Dorothea Shefer-Vanson

Died, disappeared, perished

Auschwitz concentration camp entrance. (via Facebook)

Something that never ceases to amaze (and annoy) me is the extent to which various euphemisms are used to describe what happened in the Holocaust to six million Jews. Why is everyone – whether individuals, politicians or scholars – so reluctant to use the correct term: murder?

For that is what happened to my grandparents, your aunts and uncles, other people’s parents, children, brothers and sisters, cousins, neighbours and friends. They were all murdered in the most dastardly, cold-hearted, brutal and inhumane manner. That is all that can be said about that dreadful time in human history, and Jewish history in particular, that took place in Europe not so very long ago. None of those people simply died, disappeared or perished of their own account. They were murdered, and the people who perpetrated those crimes were murderers.

How did it happen that Germany, a country noted for its achievements in the fields of culture, philosophy, music and art, managed to descend to a level of bestiality unseen since civilization began? How could human beings, people who had homes, mothers, fathers, brothers and sisters of their own, wreak the most dreadful horrors on individuals who simply adhered to a different religion than theirs or, in the terms devised by their leaders, belonged to a different race than theirs? Simply by labelling them as inferior did not necessarily have to mean that they merited being killed outright, mercilessly, willy nilly, by hook or by crook, and that this had to be applied to every last one of them – men, women, children and babes-in-arms.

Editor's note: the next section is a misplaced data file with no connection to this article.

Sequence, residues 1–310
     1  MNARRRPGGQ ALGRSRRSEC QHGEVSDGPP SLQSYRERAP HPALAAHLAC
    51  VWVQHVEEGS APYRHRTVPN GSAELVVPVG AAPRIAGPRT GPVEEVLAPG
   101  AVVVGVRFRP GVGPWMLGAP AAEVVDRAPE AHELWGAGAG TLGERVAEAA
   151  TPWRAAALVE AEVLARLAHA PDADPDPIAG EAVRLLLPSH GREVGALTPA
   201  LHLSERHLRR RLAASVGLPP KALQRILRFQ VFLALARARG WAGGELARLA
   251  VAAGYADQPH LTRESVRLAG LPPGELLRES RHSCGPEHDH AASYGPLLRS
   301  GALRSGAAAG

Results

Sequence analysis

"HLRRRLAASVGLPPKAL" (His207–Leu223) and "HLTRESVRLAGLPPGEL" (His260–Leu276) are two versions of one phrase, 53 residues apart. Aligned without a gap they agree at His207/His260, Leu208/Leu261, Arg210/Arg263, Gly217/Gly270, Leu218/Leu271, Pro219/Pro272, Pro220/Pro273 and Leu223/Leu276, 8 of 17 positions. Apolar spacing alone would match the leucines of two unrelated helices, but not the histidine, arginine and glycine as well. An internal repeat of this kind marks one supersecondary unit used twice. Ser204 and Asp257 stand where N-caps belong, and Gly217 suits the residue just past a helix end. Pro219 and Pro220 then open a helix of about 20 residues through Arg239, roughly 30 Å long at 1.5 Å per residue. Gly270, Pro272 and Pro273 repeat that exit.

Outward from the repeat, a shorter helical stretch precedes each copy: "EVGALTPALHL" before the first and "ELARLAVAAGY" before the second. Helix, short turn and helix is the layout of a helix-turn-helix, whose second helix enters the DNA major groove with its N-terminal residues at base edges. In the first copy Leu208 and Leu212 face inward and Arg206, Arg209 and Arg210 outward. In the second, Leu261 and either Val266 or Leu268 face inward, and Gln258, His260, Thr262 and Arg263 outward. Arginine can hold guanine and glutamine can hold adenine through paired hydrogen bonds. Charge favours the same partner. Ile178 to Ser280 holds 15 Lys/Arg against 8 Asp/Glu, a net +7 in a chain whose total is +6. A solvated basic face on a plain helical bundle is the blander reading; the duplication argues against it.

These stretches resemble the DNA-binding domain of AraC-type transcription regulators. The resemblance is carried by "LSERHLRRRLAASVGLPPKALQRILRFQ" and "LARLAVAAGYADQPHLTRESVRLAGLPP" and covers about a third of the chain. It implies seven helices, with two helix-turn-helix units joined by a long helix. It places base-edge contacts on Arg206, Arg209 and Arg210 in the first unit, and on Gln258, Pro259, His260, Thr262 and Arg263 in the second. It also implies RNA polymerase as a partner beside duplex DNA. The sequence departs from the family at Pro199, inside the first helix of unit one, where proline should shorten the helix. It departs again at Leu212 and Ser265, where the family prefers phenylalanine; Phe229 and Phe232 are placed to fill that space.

Somehow, by managing to persuade the nation that those others were less than human, human beings were able to erase every spark of humanity in themselves and brutally murder other human beings. The Jews did not represent a physical threat to the German nation, and had even contributed to progress in the sciences and the arts. The wild imaginings of unbalanced leaders who had managed to gain the confidence of the German nation led to the riot of hatred and violence that culminated in the construction of extermination camps, factories of death, operating with unflinching efficiency to murder six million Jews (as well as various others) on production lines which first eked out labour from whoever could still be of some use to the German munitions industry.

And let’s not forget on this Day of Remembrance of the Holocaust that it was not the Germans alone who wallowed in the orgy of death and destruction. Their henchman in other European countries helped to round up the Jews, keep the ghettos and camps guarded, the railway tracks oiled, the cattle-trucks filled, and the spoils of war gathered. And although there were a few decent people who helped to hide and save a handful of Jews, they were, after all, few and far between.

As we sat at the Seder table just a week or two ago we read in the Haggada how throughout our history other nations have sought to destroy the Jewish people. This has been a recurring theme ever since Biblical times, whether we were living in our own land or as a barely-tolerated minority in other countries. Today, when we finally have a country of our own once more, we must not lose sight of the need to remain strong in order to survive. But neither can we allow ourselves to lose sight of our humanity in the process.

About the Author
I was born and brought up in England. I am a graduate of the LSE and the Hebrew University. I have lived in Israel since 1964. I am an experienced translator, editor and writer.
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